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arbitrationArbitration agreements can be a common part of workplace life. As with any potentially legally binding contractual agreement, it is extremely important to understand the exact legal ramifications of what you’re signing before you do anything. It is also important to understand exactly when your employer can claim that you’ve assented to the arbitration agreement by doing nothing. When it comes to these and other legal issues that can impact you as a worker, you should be sure you have a skilled New Jersey employment attorney to provide you the advice and advocacy you need.

One case originating in Union County provided some useful information on arbitration agreements, as well as on what does (or doesn’t) qualify as a valid passive assent to an agreement. The case followed a fact pattern that is probably similar to what occurs at many workplaces. The employer decides to establish an optional arbitration agreement. The employer sends the affected employees an email containing the policy. The email explains that the policy is not mandatory and includes instructions for opting out of the arbitration agreement. The email also includes a requirement that the employee acknowledge having reviewed the agreement.

In the summer of 2017, the assistant store manager at a wireless employer’s Union store filed a lawsuit alleging that the employer had engaged in racial and gender discrimination. The employer then asked the trial court to order the case to arbitration. The employer asserted that it was entitled to an order compelling arbitration because the manager had never completed the “opt out” requirements. According to the employer, it had asked the manager to acknowledge reviewing the agreement. Allegedly, the manager initially did nothing, but eventually acknowledged reviewing the agreement. She allegedly took no further action.

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gender stereotypesThere many different types of ways that LGBT people can suffer discrimination in the workplace. Sometimes, LGBT people suffer employment discrimination simply because of who they are. Other times, though, the discriminatory animus arises not from the employee’s orientation or identity per se, but from the way in which the LGBT employee expresses him or herself. Regardless of whether your discrimination arose directly from your sexual orientation or indirectly based upon others’ perceptions of your gender expression as insufficiently conforming to their gender stereotypes, it is possible that you’ve suffered illegal discrimination. To learn more about your legal options, including going to court and seeking monetary compensation, be sure to contact an experienced New Jersey employment attorney.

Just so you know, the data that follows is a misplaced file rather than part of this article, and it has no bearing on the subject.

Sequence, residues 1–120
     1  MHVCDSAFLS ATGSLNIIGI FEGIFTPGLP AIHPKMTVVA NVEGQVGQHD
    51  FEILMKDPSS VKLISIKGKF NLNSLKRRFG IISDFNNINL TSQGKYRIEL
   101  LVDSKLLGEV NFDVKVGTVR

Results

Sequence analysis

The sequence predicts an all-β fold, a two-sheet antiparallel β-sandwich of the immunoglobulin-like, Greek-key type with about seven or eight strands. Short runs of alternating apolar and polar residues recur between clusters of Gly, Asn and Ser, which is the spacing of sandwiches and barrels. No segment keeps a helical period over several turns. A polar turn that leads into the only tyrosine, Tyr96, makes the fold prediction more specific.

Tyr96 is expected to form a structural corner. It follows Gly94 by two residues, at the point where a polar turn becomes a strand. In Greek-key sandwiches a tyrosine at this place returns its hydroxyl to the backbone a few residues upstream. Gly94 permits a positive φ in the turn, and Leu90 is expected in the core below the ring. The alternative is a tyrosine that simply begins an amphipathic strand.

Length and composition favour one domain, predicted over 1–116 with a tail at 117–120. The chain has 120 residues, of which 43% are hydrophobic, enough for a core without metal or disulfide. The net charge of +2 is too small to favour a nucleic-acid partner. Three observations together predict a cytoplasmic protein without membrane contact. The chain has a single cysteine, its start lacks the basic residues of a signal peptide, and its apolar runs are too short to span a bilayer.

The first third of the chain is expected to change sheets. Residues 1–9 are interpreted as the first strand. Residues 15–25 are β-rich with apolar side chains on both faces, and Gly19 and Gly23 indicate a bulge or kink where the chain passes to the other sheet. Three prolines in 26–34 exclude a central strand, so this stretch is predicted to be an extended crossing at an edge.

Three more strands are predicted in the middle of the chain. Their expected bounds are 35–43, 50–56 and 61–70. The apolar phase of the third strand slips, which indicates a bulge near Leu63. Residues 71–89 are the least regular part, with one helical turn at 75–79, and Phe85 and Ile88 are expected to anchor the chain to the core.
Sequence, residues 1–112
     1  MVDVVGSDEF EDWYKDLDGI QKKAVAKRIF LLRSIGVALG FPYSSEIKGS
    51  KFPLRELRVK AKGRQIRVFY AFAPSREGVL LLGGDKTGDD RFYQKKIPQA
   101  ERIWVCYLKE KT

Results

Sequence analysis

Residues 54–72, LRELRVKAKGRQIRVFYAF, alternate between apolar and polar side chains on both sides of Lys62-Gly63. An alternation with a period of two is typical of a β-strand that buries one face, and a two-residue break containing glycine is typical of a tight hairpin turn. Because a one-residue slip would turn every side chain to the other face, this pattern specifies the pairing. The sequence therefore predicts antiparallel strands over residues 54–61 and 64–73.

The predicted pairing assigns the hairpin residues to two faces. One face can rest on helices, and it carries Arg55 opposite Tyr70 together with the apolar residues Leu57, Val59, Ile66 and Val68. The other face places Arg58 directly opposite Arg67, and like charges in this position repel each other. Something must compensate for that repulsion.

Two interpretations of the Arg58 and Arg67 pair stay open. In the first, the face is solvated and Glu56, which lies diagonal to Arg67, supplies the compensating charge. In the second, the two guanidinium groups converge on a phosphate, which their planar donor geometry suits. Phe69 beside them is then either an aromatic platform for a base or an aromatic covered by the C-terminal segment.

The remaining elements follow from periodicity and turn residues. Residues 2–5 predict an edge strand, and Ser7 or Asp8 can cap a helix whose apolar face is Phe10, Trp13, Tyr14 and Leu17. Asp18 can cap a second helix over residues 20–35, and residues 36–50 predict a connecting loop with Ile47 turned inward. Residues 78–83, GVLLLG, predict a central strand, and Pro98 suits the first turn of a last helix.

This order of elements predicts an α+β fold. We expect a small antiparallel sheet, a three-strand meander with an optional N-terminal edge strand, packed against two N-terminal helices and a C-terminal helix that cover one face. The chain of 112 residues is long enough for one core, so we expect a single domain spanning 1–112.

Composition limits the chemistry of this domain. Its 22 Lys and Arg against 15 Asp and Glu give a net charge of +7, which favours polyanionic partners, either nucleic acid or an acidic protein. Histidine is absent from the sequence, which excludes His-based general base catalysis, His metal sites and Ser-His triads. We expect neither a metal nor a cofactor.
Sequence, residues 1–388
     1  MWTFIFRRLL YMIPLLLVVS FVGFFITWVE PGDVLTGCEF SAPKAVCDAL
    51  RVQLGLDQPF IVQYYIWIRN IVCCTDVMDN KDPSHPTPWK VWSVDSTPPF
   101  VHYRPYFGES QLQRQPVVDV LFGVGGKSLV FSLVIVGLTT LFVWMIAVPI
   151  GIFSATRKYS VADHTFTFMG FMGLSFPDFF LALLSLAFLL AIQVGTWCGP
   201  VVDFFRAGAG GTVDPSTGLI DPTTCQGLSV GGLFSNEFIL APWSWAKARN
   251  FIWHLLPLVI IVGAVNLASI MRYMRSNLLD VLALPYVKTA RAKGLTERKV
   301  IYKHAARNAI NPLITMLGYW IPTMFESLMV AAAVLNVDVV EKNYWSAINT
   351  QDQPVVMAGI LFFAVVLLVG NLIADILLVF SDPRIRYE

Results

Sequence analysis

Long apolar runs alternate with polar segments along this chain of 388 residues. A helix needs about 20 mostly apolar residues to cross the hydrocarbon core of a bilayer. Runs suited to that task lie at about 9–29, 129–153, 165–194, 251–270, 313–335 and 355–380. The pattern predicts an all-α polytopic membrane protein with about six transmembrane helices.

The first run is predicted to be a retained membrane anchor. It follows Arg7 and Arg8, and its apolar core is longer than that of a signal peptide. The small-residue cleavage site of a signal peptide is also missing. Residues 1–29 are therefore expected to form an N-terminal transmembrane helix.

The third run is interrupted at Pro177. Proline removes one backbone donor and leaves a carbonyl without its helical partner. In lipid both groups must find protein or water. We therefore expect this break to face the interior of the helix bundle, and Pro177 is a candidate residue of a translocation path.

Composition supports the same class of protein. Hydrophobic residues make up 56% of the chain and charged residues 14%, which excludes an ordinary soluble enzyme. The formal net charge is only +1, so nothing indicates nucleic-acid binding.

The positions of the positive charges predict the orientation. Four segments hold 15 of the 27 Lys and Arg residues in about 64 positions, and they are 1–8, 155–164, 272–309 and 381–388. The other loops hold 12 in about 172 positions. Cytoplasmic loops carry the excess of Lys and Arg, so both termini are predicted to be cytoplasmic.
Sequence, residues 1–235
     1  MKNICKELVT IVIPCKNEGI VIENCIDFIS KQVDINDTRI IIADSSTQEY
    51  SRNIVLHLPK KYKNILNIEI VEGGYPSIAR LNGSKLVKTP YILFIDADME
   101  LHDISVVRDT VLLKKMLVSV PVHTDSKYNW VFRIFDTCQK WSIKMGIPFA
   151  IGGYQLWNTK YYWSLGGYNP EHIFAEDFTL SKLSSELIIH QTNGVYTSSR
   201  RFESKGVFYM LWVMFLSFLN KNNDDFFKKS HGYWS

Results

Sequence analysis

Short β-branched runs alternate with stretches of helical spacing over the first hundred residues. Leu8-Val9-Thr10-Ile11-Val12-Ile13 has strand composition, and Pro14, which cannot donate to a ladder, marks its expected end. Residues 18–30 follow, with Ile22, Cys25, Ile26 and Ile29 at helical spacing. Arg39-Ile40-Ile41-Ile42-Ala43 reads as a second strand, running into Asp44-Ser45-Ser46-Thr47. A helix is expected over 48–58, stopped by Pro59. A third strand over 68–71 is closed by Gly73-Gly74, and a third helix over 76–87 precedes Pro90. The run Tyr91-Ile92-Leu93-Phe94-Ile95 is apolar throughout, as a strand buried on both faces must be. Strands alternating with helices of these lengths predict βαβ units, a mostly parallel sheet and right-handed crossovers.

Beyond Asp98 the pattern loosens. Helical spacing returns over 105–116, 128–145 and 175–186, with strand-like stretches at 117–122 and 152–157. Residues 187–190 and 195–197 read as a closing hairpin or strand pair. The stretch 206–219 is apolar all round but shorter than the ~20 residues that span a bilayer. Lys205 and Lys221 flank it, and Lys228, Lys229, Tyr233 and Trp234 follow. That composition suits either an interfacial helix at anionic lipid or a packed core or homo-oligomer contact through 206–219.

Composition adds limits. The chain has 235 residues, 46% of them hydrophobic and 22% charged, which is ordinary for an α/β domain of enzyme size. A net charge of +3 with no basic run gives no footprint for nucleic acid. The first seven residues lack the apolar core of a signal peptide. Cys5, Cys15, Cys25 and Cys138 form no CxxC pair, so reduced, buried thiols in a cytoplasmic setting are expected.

People make all kinds of assumptions and engage in all manner of stereotyping when it comes to gender. Last year, an employee in California won a motion hearing in court and was permitted to proceed to trial on his claim that his employer fired him for being “too gay.” Specifically, the employee alleged that the employer took negative action not because he was homosexual but because he was gay and chose hairstyles and clothing accessories the employer considered insufficiently masculine.

If something of a similar nature happens to you in New Jersey, can you successfully sue your employer? Yes, you quite possibly can. New Jersey’s employment discrimination law forbids workplace discrimination based upon sexual orientation. It also bars employment discrimination based upon gender stereotypes.